Self-Healing Plastic, a Virtual Universe, and Erasing Memories

(Left to right): Jason Snyder; Adapted from Synthorx; Illustris Collaboration

Top Stories: Self-Healing Plastic, a Virtual Universe, and Erasing Memories

Smelling the Opposite Sex, Mysterious Lines in the Desert, And Surviving the Dinosaur Apocalypse

Astrophysicists Build a Virtual Universe

Want to watch our universe evolve? You’re in luck. In the most detailed effort yet, astrophysicists and cosmologists have modeled the evolution of the universe right down to the formation of individual galaxies. The findings once again neatly confirm cosmologists' standard theory of the basic ingredients of the universe and how it evolved—a result that may disappoint researchers hoping for new puzzles to solve.

Designer Microbes Expand Life's Genetic Alphabet

From bacteria to basketball players, all life as we know it encodes genetic information using two pairs of DNA letters. Not anymore. Now, along with the double helix’s two natural pairs, a bacterium growing in a California lab can incorporate and copy a third, artificial pair of letters. The newly expanded genetic code opens the way to a whole universe of new proteins—a potential boon to drug and materials developers.

WHO Calls Polio an International Emergency

Citing “extraordinary” circumstances, the World Health Organization (WHO) has declared the international spread of wild poliovirus a public health emergency of international concern, saying the recent export of polio from three nations to adjoining areas could threaten global efforts to eradicate the disease. Under the new recommendations, the three countries deemed to pose the greatest risk of further spread—Pakistan, Cameroon, and Syria—must now ensure that all residents and long-term visitors have proof of recent polio vaccination before leaving the country.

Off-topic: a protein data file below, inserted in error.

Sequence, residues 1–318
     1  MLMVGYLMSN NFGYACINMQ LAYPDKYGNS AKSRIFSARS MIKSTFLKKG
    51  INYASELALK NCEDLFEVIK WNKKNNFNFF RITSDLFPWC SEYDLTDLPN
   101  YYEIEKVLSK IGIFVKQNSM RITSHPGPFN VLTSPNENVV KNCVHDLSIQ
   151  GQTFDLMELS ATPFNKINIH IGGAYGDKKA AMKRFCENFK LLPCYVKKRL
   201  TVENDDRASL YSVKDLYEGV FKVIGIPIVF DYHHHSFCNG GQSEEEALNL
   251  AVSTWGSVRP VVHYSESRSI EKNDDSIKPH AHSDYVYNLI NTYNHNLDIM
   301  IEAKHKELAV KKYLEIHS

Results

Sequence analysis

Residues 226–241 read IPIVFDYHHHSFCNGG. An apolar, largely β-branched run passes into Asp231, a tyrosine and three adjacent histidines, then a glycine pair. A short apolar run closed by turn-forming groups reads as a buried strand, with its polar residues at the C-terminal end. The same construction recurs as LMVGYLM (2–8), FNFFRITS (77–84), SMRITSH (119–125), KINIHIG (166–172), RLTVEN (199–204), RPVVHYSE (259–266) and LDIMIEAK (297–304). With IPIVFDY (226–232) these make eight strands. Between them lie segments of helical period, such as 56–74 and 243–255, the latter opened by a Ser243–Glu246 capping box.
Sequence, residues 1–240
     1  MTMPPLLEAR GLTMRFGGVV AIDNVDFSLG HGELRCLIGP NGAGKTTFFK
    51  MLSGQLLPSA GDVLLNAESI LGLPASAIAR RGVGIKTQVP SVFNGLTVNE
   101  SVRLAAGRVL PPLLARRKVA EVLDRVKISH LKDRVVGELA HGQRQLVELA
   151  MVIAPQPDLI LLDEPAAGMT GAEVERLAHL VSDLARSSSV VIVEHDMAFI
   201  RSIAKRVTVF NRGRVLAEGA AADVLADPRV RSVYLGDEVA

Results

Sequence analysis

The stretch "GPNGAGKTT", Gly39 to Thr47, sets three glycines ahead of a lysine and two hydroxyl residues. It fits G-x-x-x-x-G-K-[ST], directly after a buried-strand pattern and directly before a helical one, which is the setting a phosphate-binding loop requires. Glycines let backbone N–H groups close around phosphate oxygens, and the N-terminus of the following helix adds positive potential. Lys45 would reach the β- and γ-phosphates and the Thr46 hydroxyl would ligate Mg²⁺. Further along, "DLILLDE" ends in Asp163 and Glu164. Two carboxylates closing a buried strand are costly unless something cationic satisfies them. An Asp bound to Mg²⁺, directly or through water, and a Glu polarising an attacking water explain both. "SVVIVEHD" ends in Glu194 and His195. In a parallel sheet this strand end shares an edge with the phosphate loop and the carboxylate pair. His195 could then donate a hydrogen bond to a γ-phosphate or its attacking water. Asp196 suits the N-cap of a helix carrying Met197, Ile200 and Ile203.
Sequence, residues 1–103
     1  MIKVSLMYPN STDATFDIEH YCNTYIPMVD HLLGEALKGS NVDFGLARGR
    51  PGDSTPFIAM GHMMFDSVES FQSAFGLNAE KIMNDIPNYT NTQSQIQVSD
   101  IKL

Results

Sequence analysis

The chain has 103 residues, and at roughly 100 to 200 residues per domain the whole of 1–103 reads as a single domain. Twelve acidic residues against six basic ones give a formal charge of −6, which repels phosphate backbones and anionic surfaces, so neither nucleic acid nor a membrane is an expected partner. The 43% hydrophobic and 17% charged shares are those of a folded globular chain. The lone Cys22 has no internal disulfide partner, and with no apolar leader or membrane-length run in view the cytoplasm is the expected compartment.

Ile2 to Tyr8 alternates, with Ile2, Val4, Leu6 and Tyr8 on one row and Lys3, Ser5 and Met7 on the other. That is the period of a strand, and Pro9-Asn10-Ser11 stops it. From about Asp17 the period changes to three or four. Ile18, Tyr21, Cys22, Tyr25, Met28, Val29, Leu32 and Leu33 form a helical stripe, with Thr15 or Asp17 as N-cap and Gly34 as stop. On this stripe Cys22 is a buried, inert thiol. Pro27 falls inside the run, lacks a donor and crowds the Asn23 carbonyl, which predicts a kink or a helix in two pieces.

How the Brain Deletes Old Memories

Do you remember your first birthday? How about what you ate for breakfast weeks ago? For most people, such events slip through the sieve of memory, never to be retrieved. Now, the first study of its kind in mice suggests that the brain may clear away that old information in the process of forming new memories.

New Chemical Blend Helps Plastic Heal Itself

Materials that heal themselves are going bigtime. Scientists have cooked up a chemical concoction that can patch a 9-millimeter-wide hole in a sheet of plastic, just like a human wound repairs itself. This scale of self-repair is orders of magnitude larger than ever demonstrated before, and the finding could lead to new kinds of airplanes and spacecraft that can repair themselves midflight.